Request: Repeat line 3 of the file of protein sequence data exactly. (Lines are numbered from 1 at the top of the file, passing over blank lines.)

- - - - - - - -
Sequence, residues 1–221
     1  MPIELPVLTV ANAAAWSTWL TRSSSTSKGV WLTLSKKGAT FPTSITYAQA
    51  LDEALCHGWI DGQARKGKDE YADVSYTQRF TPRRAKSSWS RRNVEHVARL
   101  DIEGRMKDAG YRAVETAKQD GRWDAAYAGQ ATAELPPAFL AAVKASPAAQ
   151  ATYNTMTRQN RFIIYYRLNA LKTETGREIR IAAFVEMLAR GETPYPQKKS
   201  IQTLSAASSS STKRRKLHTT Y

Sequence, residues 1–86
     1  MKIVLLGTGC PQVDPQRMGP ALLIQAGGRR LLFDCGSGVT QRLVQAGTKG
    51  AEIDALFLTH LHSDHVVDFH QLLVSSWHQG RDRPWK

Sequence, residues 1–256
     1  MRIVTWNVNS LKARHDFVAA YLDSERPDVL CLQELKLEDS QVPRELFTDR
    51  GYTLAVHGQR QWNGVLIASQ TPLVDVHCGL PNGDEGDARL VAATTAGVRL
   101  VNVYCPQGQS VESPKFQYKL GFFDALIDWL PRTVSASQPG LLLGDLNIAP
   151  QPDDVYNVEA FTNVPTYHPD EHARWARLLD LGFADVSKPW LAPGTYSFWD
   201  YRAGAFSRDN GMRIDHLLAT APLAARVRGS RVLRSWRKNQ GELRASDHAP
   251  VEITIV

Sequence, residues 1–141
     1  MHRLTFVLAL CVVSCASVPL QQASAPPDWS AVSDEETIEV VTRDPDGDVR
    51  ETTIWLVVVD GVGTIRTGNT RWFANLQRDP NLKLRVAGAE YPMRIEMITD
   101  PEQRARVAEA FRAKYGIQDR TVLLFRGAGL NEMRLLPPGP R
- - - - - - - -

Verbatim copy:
    51  LDEALCHGWI DGQARKGKDE YADVSYTQRF TPRRAKSSWS RRNVEHVARL